Aramis Ramirez hinted all year that this would be his final season and now the 37-year-old third baseman is officially calling it a career, retiring after 18 seasons in the majors.
Ramirez is one of the most underrated right-handed hitters of this era, batting .283 with 386 homers, 495 doubles, and an .833 OPS in 2,194 games for the Pirates, Cubs, Brewers, and Pirates again.
He made three All-Star teams and ranks among the top 10 for active players in runs scored, hits, total bases, doubles, home runs, RBIs, extra-base hits, and times on base. Oh, and he earned nearly $150 million.
Durable and consistent, he topped an .800 OPS in all but one season from 2004 to 2013, hit 25 or more homers 10 different times, and batted .300 or better in seven seasons.
Ramirez debuted at 20, finished playing at 37, and was a really, really good player for nearly that entire time.
San Francisco parted ways with two veteran outfielders, declining 2016 options on Marlon Byrd and Norichika Aoki.
Byrd was an easy call, as his contract called for an $8 million salary and required no buyout to avoid. Acquired from the Reds on August 20, he hit well in 39 games for the Giants but finished the season with a modest .247 batting average and .743 OPS in 135 games overall. Byrd still has very good power, smacking 23, 25, and 24 homers in the past three seasons, but his abysmal strike-zone control led to a sub-.300 on-base percentage and he’s 38 years old. Byrd should be able to find a prominent role in 2016, but his price tag figures to be well below $8 million.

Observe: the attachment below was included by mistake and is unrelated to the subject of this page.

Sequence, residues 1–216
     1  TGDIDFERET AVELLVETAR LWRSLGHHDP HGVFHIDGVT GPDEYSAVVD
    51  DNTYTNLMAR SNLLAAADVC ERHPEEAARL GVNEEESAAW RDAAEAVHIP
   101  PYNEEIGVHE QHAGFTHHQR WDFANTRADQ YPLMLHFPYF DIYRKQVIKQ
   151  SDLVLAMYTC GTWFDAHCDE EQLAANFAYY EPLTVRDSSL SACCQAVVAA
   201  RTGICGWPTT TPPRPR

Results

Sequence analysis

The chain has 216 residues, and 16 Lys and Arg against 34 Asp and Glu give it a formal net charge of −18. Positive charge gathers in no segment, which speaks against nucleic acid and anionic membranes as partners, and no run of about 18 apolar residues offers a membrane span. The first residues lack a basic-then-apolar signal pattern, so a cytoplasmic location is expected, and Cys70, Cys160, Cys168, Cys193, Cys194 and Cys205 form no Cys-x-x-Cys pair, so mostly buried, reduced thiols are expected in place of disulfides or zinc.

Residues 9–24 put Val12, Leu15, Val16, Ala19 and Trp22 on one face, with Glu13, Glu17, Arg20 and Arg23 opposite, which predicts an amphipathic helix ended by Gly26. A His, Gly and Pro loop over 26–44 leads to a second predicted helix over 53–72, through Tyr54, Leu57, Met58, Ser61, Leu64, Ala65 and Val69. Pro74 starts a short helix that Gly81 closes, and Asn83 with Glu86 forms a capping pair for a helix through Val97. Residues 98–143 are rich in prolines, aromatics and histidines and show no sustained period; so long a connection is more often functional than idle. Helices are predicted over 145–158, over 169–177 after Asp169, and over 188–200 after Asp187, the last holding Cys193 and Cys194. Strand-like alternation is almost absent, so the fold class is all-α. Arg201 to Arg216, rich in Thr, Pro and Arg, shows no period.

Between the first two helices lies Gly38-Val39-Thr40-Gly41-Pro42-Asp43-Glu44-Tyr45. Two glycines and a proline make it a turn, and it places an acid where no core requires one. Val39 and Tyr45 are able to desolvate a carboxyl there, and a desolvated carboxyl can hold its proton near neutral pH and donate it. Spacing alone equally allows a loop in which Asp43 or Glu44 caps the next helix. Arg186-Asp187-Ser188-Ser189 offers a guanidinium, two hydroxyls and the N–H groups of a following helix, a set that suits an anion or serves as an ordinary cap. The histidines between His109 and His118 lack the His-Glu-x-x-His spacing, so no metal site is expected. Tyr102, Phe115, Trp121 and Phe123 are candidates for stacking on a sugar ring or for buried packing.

Aoki was a tougher call, because when healthy he’s absolutely been a $5.5 million player by combining excellent contact skills, a good on-base percentage, and solid range in the outfield. Unfortunately he was limited to just 93 games this year due to injuries, including a concussion, and at age 34 the Giants decided not to commit to him this early in the offseason. It’s possible they could look to re-sign Aoki later on, but in the meantime he got a $700,000 buyout.
Left-hander J.P. Howell has decided to remain with the Dodgers in 2016, exercising his $6.25 million player option.
Howell is often overlooked because of his modest velocity, but he posted a 1.43 ERA in 44 innings this year and has a combined 2.64 ERA in 434 appearances dating back to 2008.
However, rather than test the open market in search of a multi-year contract at age 33 he’ll take the guaranteed payday and stay with the Dodgers for a fourth season. And if any team can afford to pay $6.25 million for a middle reliever it’s certainly Los Angeles.
Ryan Raburn is a free agent, as the Indians declined his $3 million option and paid him a $100,000 buyout instead.
Raburn is a solid role player with some defensive versatility and a good platoon bat versus left-handed pitching, but his performance has varied wildly from year-to-year and he’s now 35 years old.
This year he hit .301 with eight homers and a career-best .936 OPS in 82 games for the Indians and he also posted a .901 OPS for Cleveland in 2013. However, in between he hit just .200 with a .547 OPS in 2014 and Raburn was even worse in 2012.
He should find a part-time role somewhere, but may have to settle for a minor-league contract.
Last week pitching coach Mike Maddux told the Rangers he wanted to shop around rather than re-signing for an eighth season in Texas and now we know why, as Bill Ladson of MLB.com reports that Maddux is “likely” to be hired by the Nationals.
Maddux has long been considered one of the game’s best pitching coaches and during his seven-season run in Texas the Rangers ranked sixth among American League teams in ERA despite playing in a very hitter-friendly ballpark.
Now he’ll work under new manager Dusty Baker and try to get the most out of a star-studded pitching staff that includes Max Scherzer, Stephen Strasburg, Gio Gonzalez, and Jonathan Papelbon. Baker’s reputation for handling pitchers is shaky, but given Maddux’s track record it seems likely he’ll have most of the control over the staff.
Texas is expected to replace Maddux with Doug Brocail, who spent this year as a Double-A pitching coach in the Astros’ farm system.